How to build your confidence in public speaking

How to build your confidence in public speaking

By Kit Yee Cheng, Clyde Communicators, Toastmasters International

Glossophobia, the fear of public speaking, is often associated with the uncertainties that come from speaking in front of an audience; you’re uncertain if you’ll dry up, or forget your words, or trip as you walk on stage. You’re uncertain that the audience will listen and enjoy your speech, or that they’ll jeer at you and boo until you leave. You’re uncertain you can deliver what has been asked of you without breaking out in a sweat, vomiting or running out of the room. It is the uncertainties that create the fear – and therefore tackling the uncertainties is the key to breaking the fear and building your confidence as a public speaker.

Here are my thirteen tips to help you tackle the uncertainties and become a confident public speaker:

1.    Talk to strangers. Practice your communication skills with strangers. You will never see these people again so making mistakes does not decrease your confidence. When you can talk to strangers about anything, anytime and anywhere, you have mastered the art of impromptu speaking. Impromptu speaking is the key to all your communication.

2.    Laugh at yourself. Use self-deprecating humour. Seriousness attracts serious circumstances. Watch comedy movies or TV shows and laugh. This helps to lighten up your mood and brings more joy into your life. Happiness is one of the vital ingredients to building up your confidence.

3.    Gain experiences. The more experiences you gain, the tougher you become. This strengthens and builds up your confidence. Learn new skills, meet new people, do something new as often as possible. Set new goals, however small and work towards achieving them. Challenge yourself to step out of your comfort zone because nothing ever grows there.

4.    Exercise as often as you possible can. This is a timeless classic for tackling fears. Even a ten-minute walk can do wonders for your mood and lifts your energy. Exercise has been proven to release the feel-good chemical called endorphins throughout your body. This strengthens your self-esteem and reduces your anxiety.

5.    Practice yoga. The ancient art of yoga helps you to focus on the present moment which is essential to your mindfulness. You are anxious about public speaking because you are projecting yourself into the future. Yoga increases: body awareness, relieves stress, reduces muscle tension, strain and inflammation, sharpens attention and concentration, plus yoga calms and centres the nervous system. Yoga improves your mental health and wellbeing.

6.    Practice meditation. Like yoga, meditation improves your mental health. It helps you to: better handle your negative emotions, helping you to feel relaxed and calm, find your inner peace and helps you to feel comfortable with silence and stillness.

7.    Practice gratitude. Write in your gratitude journal each day. This is a sound tool to use to shift your focus onto the happy and good things in your life. Gratitude helps you to release envy, jealousy, anger, resentment and mild depression. You will attract more of what you want into your life when you practice daily gratitude.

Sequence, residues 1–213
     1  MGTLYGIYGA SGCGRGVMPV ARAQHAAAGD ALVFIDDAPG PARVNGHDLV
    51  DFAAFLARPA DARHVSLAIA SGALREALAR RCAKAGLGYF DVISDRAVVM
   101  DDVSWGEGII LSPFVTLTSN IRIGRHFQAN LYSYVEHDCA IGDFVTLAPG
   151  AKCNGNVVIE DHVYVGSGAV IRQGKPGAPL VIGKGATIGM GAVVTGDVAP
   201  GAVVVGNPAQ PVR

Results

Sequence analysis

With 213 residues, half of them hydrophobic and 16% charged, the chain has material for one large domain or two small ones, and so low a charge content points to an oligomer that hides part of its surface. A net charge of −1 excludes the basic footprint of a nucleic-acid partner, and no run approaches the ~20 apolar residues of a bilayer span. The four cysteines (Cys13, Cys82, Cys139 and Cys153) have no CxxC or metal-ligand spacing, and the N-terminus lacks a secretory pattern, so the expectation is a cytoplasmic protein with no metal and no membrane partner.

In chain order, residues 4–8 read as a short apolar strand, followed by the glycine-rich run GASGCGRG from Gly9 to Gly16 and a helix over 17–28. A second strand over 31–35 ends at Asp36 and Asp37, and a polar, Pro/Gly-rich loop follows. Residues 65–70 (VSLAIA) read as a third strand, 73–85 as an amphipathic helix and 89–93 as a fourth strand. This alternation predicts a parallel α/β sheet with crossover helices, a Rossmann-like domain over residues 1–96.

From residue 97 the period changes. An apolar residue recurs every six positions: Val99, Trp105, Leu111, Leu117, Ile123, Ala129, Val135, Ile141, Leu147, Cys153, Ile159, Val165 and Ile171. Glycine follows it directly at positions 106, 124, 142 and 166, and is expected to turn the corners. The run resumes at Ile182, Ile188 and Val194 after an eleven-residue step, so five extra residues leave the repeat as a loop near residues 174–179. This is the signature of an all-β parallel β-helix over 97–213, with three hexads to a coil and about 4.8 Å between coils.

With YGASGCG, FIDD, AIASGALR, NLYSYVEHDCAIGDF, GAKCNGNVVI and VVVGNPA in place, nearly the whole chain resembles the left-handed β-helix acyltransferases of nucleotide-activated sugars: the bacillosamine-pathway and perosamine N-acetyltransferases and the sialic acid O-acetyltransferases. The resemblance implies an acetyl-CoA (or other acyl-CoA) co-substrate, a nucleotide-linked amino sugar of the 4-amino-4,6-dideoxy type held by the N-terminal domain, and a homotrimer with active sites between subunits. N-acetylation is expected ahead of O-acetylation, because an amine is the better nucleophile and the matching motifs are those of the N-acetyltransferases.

8.    Have fun each day. Connect with your inner child. Be childlike. Having fun is one of the key ingredients to your health and wellbeing. People who have fun compared to those who don’t, are more positive minded. Smile, laugh, crack a joke, be silly and have fun. Connecting with your inner child helps you to face your fears because your inner child is the fearless one. She will help you through the tough times when you are connected to her.

9.    Have one day, or half a day a week switched off from social media and the internet. No Facebook, Twitter, Snapchat, Instagram or the news. Connect with nature. Go for a walk in the park. Listen to the birds chirp and sing. Talk to dog walkers. Talk to babies and toddlers. Face to face interactions with strangers in the park is a tremendous way to get the human connections that you are going to benefit from. You could just sit in the park and watch people.

10.    Travel to a new place as often as possible. Get on the bus or train and go explore around your area. You have feet for this specific reason. The uncertainties in life become much easier to handle when you travel to new places. Being in a new place helps you to: expand your horizons, set your soul on fire, heighten all your senses and become alive. Whilst you are at home, you are by default living in your auto pilot. Getting out of your auto pilot system gives you opportunities to see the world from a different perspective. The world has an abundance of beauty so go and see it for yourself.

11.    Embrace the uncertainties. Life is full of uncertainties because life is unpredictable. Let go of having to have control in every aspect of your life. Become more spontaneous. Welcome the uncertainties and see where they take you. Cut the cord to the need to have control of your life twenty-four, seven.

12.    Join your local Toastmasters club. Toastmasters has clubs all over the world. Our clubs offer a supportive, encouraging and fun environment for our members to develop and master their public speaking skills. Speak to the President or Vice President of Education of the club and ask them to assign you to a mentor. A mentor is there to offer their guidance, support and knowledge of what they have learned from their own journey. They have been to where you are traveling to.

13.    Read books on public speaking. Knowledge of public speaking is your friend. You will gain more confidence from the knowledge of the do’s and don’ts. I have found gems in reading books on public speaking and applying the knowledge to my speeches has increased my confidence in public speaking.

Social tagging:

Comments are closed.